I just came from reading about the Snarkling whose agent had twenty rejections on his/her book and was wondering if he/she needed another agent but learned he/she was stuck with the one she had, because agents don't want books that have already been rejected. I was mentally repeating to the screen, "Write another book."

But seriously, the business side of this business is disheartening. In my case, I'm making sure I have a means to support myself and writing will serve a nice to have role -- if it works out, that's great. If not, I'm honing my craft for personal satisfaction. For me, anything else is just too risky.

And you've illustrated that the entertainment industry as a whole has changed over the years. On the other hand, F. Scott Fitzgerald barely survived on his writing -- something many people today don't realize. Certainly, today, he's viewed as highly successful. So, has it really changed, or do we look at the past with rose-colored glasses?

Jaye said...

I agree, Jean, she needs to get moving on ms #2. Although that's a no-brainer, and if she didn't twig onto that herself, then hell yeah, she needs another agent, because that's what her agent should be telling her. After all, agents/and publishers aren't interested in *one book* they're interested in authors who produce.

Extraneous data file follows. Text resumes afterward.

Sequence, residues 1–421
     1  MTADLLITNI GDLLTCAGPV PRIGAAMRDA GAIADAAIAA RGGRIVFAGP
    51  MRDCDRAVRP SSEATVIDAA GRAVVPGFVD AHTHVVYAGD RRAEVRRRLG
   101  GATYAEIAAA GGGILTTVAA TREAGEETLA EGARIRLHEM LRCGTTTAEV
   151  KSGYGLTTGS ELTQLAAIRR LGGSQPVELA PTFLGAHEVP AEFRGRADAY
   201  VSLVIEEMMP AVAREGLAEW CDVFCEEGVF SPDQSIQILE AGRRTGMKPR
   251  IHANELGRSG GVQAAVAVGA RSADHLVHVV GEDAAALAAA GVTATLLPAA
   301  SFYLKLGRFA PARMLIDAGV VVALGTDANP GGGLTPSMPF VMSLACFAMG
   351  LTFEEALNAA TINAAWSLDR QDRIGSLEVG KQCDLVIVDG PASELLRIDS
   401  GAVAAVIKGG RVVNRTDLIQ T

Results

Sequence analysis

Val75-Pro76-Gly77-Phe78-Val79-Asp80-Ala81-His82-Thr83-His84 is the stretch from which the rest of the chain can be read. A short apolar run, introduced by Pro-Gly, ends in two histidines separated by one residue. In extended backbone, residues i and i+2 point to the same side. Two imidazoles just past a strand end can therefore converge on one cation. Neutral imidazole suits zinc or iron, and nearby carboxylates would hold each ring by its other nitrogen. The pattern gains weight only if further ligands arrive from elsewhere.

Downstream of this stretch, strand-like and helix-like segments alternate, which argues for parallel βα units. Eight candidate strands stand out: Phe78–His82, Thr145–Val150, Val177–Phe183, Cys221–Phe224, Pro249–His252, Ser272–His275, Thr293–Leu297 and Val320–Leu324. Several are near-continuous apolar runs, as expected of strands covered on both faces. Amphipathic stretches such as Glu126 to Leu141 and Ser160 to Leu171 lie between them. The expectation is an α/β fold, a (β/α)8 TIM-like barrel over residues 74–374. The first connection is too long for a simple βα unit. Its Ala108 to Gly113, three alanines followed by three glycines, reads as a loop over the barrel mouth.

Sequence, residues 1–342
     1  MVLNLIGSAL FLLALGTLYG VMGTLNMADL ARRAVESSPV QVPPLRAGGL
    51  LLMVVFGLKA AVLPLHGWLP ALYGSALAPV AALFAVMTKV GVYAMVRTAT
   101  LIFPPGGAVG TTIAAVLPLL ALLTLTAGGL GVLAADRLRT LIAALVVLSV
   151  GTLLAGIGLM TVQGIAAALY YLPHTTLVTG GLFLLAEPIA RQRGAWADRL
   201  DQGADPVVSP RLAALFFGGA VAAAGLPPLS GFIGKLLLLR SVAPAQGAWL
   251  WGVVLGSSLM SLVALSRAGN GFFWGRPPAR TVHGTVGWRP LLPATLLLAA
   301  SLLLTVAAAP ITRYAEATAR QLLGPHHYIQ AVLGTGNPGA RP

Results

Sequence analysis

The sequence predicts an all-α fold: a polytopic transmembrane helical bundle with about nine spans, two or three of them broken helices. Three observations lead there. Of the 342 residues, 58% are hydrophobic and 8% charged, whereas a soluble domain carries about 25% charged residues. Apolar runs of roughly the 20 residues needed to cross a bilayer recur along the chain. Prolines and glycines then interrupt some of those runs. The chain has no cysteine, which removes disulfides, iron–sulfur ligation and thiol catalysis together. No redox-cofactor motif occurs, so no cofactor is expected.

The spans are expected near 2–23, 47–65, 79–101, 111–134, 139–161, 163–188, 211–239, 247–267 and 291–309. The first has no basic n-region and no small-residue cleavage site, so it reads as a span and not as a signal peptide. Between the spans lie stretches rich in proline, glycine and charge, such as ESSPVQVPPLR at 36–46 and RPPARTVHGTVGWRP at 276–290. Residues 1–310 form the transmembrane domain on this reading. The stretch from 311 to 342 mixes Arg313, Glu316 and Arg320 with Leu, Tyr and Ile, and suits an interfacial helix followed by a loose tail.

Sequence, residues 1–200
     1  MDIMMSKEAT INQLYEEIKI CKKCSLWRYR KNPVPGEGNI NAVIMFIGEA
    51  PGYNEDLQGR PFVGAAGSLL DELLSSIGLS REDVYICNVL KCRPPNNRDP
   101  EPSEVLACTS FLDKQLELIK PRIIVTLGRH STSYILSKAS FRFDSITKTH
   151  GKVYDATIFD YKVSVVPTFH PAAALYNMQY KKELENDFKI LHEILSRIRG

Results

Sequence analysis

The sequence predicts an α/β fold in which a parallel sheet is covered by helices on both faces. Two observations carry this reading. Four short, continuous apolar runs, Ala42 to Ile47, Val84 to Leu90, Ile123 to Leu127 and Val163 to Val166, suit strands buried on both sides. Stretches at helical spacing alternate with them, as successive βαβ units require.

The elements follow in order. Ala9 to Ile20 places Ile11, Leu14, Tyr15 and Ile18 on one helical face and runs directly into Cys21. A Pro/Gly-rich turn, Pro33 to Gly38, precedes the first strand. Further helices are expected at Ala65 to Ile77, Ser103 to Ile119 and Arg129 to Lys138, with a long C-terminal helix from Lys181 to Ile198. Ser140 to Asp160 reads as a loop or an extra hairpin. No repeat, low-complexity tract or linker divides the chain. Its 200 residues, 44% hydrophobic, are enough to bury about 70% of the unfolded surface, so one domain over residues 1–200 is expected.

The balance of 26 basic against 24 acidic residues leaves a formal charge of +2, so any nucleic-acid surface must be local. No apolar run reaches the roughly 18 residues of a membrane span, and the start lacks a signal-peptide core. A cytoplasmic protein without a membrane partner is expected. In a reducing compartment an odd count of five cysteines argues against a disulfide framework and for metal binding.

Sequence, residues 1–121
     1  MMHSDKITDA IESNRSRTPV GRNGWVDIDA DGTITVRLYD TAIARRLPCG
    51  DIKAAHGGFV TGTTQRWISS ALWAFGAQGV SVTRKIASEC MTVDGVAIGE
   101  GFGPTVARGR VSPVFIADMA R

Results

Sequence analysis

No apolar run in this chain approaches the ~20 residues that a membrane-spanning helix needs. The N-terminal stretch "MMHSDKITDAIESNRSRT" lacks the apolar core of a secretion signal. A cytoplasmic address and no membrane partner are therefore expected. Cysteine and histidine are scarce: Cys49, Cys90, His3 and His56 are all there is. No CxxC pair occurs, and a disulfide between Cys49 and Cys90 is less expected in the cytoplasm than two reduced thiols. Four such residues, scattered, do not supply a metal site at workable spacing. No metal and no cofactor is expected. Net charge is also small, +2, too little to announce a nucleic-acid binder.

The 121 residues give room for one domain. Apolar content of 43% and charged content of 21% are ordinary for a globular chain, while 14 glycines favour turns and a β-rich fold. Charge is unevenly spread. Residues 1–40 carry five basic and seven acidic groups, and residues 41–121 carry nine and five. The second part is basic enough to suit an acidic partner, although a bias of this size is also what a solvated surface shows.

Like you, I'm not banking on making a living (and by that I mean either my current level or better) at writing. If it happens, jim dandy. If it doesn't, I live.


Of course I could come up with a whole blog post about the realization/self-fulfillment of goal setting. A friend said she thought I was more interested in the processes/craft of writing, rather than being published. She's right. On the other hand, just about all of my writing buddies who have always had their eye on the main prize, so to speak, are now published. :-/ And, I set a bunch of goals for my self this year and just about all of them have been achieved, are in the process of being achieved, or have improved quit a bit.